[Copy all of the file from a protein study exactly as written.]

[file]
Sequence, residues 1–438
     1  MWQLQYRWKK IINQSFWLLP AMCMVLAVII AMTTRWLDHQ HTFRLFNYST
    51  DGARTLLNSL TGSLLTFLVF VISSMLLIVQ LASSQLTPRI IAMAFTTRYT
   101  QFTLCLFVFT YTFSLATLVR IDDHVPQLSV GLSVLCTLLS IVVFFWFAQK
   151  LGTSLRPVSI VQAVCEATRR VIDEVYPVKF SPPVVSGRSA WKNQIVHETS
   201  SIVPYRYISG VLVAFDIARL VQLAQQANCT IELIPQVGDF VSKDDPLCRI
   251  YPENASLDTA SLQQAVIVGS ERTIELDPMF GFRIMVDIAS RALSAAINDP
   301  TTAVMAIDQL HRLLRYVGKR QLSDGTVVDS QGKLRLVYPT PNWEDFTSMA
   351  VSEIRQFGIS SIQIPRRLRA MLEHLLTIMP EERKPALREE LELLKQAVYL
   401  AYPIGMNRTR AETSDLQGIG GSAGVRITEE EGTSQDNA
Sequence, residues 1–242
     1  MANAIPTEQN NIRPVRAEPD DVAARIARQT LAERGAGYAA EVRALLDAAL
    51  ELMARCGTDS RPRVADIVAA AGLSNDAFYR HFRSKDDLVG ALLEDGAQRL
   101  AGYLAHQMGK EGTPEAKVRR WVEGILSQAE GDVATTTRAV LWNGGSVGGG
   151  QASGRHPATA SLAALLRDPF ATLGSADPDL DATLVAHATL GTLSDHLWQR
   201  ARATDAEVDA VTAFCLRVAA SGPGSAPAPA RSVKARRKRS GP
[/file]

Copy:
Sequence, residues 1–438
     1  MWQLQYRWKK IINQSFWLLP AMCMVLAVII AMTTRWLDHQ HTFRLFNYST
    51  DGARTLLNSL TGSLLTFLVF VISSMLLIVQ LASSQLTPRI IAMAFTTRYT
   101  QFTLCLFVFT YTFSLATLVR IDDHVPQLSV GLSVLCTLLS IVVFFWFAQK
   151  LGTSLRPVSI VQAVCEATRR VIDEVYPVKF SPPVVSGRSA WKNQIVHETS
   201  SIVPYRYISG VLVAFDIARL VQLAQQANCT IELIPQVGDF VSKDDPLCRI
   251  YPENASLDTA SLQQAVIVGS ERTIELDPMF GFRIMVDIAS RALSAAINDP
   301  TTAVMAIDQL HRLLRYVGKR QLSDGTVVDS QGKLRLVYPT PNWEDFTSMA
   351  VSEIRQFGIS SIQIPRRLRA MLEHLLTIMP EERKPALREE LELLKQAVYL
   401  AYPIGMNRTR AETSDLQGIG GSAGVRITEE EGTSQDNA
Sequence, residues 1–242
     1  MANAIPTEQN NIRPVRAEPD DVAARIARQT LAERGAGYAA EVRALLDAAL
    51  ELMARCGTDS RPRVADIVAA AGLSNDAFYR HFRSKDDLVG ALLEDGAQRL
   101  AGYLAHQMGK EGTPEAKVRR WVEGILSQAE GDVATTTRAV LWNGGSVGGG
   151  QASGRHPATA SLAALLRDPF ATLGSADPDL DATLVAHATL GTLSDHLWQR
   201  ARATDAEVDA VTAFCLRVAA SGPGSAPAPA RSVKARRKRS GP